Figure 9, 10, 11, 12, 13

I choose these for their diversity of scale, quality and subject matter.

On The Night Bus (figure 12) is published by Hoxton Mini Press 2016 features  the work of Nick Turpin.  It is a singular theme – views from outside buses through the, often steamed up, moisture running, windows to people in various states of melancholic and dreamy states.  It feels like a quality object to handle.  There are margins to each image and there is a mix of an image per page with many double spreads, working across the binding. A foreword by Will Self helps seal the profile of the book. It is created in a ‘portrait’ format.

Topologies (figure 11) is published by Aperture 2008. It covers a breadth of work by Edgar Martins.  The paper used has quite a slippery sheen and images (there are 111) are placed consistency on each page with an identical margin throughout.  It is a ‘landscape’ format.  There is an interview with Martins by David Campany at the rear of the book.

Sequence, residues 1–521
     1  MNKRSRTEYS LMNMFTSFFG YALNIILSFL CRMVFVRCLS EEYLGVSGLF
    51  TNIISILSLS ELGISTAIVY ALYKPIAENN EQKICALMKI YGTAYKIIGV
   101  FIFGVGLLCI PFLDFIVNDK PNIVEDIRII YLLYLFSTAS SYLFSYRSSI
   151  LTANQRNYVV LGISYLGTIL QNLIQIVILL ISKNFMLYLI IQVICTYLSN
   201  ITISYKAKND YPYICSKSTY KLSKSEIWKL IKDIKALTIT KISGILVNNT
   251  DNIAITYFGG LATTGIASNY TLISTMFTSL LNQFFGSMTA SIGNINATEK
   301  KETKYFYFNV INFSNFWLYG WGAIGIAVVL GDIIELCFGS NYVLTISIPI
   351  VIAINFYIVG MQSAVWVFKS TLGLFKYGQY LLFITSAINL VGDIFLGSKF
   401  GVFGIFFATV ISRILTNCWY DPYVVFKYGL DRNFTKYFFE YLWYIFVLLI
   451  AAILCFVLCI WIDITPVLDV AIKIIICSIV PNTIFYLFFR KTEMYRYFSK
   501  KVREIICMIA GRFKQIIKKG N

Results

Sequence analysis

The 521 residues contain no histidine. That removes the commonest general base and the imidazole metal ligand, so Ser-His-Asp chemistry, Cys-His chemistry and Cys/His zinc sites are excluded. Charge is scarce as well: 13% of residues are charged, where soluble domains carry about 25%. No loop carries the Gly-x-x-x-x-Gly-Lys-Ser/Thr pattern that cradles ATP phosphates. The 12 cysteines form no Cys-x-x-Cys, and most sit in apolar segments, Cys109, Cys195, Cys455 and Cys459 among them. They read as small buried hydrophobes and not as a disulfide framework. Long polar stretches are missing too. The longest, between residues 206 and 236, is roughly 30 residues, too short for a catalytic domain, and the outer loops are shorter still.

Ming Jue. Photographs of Longbridge and Nanjing by Stuart Whipps (figure 10) is published by New Art Gallery, Walsall 2008.  It accompanied the exhibition of the work 4th April to 1st June 2008.  It documents the fall of MGRover (2005) and the subsequent transfer of production to Nanjing Automotive, China.  The photobook is square format throughout and each image is also square, making for consistent margins. Two essays conclude the book.  The paper has a matt feel which is very pleasant to touch and turn. The cover too has a grain about it.

Zones of Exclusion Pripyat and Chernobyl (figure 13) is published by Steidl 2003. It contains the work of Robert Polidori and records access to the aftermath of the nuclear fallout.  Its ‘landscape’ format is strident in scale, creating space on successive pages of consistently scaled images of schools, homes and other buildings all vacated for a long period (since the disaster struck in April 1986). There is an exception to the editing rule where 14 pages are devoted to a series of detached homes amongst the chaotic landscape. There are over 100 pages containing images.  The paper is glossy.  The lack of narrative leaves a space for one to translate what is seen, with the exception of a list of captions (a notable point of debate; captions per page or not?).